I sometimes need to bike from Hyde Park to North Lambeth. The most direct way would be to cross the Thamse on Bridge Street, but that leads directly to the crazy roundabout on the South side. So I’d love to know a quite, safe way from Hyde Park Corner to Lambeth Bridge (to my final destination King Edward Walk).

    • Michiel 26/07/2012 at 9:47 pm #

      Ilka
      I suggest, get a large map of London and plot your routes. I’ve just looked at google maps and can see a number of routes via back streets to Lambeth Bridge. Constitution Hill, right at the palace towards Birdcage walk, first left into buckingham gate, keep on following to Lambeth bridge.
      Or into buckingham gate second right than left into Palace Street, follow south to the river and turn onto Millbank or one earlier if you don’t like millbank then right on Lambeth Bridget

  5. Michiel 26/07/2012 at 9:38 pm #

    On any road, take a right and a left or a left and a right and your on another road. Simples.

  6. Helen 27/07/2012 at 12:37 am #

    Any tips on how to avoid Kingsway goings southbound from Euston to Elephant? I’ve got the Covent Garden northbound route sussed, but heading southbound you seem to end up in a million one way streets.

    Also if anyone has any handy tips for navigating the Charlotte Street area from the north end of TCR to Oxford Circus without having to get off and walk through a one way system, I’d be rather grateful too. There must be a better way than my route!

    • Alan Moore 27/07/2012 at 10:45 am #

      Euston to Elephant – get on Gower Street/Bloomsbury Street, straight across at the Oasis into Endell Street and down through Covent Garden to Waterloo Bridge, just like you do Northbound.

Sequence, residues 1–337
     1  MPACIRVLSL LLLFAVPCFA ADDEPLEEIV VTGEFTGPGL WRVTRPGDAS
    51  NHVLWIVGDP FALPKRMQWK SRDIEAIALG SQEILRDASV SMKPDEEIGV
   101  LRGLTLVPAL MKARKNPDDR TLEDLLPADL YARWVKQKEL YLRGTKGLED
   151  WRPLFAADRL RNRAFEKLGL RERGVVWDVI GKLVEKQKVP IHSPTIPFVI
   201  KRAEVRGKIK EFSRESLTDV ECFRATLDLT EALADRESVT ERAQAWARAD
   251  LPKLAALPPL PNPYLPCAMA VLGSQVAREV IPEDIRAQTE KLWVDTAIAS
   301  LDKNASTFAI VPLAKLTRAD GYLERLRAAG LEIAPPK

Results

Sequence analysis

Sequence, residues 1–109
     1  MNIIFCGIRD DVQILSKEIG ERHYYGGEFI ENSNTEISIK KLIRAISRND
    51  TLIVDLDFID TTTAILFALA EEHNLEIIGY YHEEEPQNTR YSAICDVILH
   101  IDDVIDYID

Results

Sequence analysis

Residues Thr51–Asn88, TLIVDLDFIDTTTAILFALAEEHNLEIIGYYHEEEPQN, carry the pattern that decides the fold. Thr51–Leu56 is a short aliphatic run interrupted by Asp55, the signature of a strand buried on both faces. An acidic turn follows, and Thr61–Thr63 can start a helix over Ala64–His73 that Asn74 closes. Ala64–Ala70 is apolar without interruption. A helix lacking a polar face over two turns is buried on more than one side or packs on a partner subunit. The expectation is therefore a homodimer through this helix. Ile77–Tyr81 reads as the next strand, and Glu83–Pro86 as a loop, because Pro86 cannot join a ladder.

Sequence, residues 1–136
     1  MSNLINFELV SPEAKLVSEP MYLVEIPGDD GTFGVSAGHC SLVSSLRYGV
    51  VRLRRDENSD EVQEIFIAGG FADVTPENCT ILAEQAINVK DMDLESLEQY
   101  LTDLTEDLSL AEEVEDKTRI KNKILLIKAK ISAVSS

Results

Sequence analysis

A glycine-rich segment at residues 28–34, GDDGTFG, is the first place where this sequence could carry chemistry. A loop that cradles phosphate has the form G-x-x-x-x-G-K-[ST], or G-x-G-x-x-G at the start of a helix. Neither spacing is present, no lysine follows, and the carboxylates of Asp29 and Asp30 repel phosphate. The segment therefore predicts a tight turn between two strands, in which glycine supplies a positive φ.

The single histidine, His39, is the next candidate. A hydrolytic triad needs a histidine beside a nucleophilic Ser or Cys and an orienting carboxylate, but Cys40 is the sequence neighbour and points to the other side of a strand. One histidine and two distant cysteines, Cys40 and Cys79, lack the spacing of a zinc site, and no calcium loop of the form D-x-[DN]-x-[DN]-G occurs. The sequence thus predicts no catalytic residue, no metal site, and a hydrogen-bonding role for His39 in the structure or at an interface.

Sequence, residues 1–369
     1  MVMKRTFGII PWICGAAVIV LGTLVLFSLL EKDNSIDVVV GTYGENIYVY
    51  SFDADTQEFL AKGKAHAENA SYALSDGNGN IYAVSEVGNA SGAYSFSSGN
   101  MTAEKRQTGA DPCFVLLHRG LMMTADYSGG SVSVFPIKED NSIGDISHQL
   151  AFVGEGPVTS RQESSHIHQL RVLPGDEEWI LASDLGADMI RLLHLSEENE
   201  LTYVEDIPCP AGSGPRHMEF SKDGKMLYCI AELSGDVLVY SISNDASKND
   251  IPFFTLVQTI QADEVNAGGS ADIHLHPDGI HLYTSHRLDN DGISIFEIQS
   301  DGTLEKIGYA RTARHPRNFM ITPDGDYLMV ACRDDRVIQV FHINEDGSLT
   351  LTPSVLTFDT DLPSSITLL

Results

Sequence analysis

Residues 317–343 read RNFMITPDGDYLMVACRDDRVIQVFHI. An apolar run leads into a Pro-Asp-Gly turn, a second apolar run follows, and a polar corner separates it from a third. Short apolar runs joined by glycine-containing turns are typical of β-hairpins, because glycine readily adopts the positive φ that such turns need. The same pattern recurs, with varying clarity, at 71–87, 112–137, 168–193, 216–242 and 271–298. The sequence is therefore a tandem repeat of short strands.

From TCR to Oxford Circus IS tricky, but if you can contrive to start a bit further south (are you coming from Covent Garden?), Shaftesbury Avenue and up Wardour Street to Oxford Street works quite well.

  7. Cameron 27/07/2012 at 8:57 am #

    I love finding quiet direct routes – they do exist. I am always surprised by the number of people that cycle down the busy end of Upper Street near Angel – when Colebrooke Row is parallel – quiet and has its own set of cycle lights at the end to cross City Road/Goswell Road. Surely nicer than weaving around the buses and the two lane squeeze at Angel.

    The best place to start is http://www.opencyclemap.org/

    • Teddy 27/07/2012 at 12:24 pm #

      Thanks for this tip. Upper St constitutes the first/final section to most of my evening rides, I’ll look out for this.

  8. Hilary 27/07/2012 at 9:16 am #

    I once cycled down the Euston Road. Never again. I have cycled through the back routes ever since. Some are better than others. I use an app on my phone called BikeHub, which although not perfect, can be used as a GPS navigation system. Although they do sometimes expect you to cross some really nasty roads – so it’s worth checking to see if you can find an alternative route yourself!

  9. peninsula 27/07/2012 at 9:43 am #

    Yes! What we need is a GPS for cyclists that guides you to the safest route

    • Andreas 28/07/2012 at 8:01 am #

      CycleStreets is a great site for this peninsula and BikeHub is a great app that is like a TomTom for cyclists.

  10. Coallers 27/07/2012 at 10:48 am #

    TfL dithers over minor changes to roads in London in order to make them safer for cyclists and yet they have closed miles of routes for non-residents in BMWs to cross town. Once the Olympics are over paint all the ‘zil’ lanes as cycle lanes. Massive increase in capacity for safer cycling.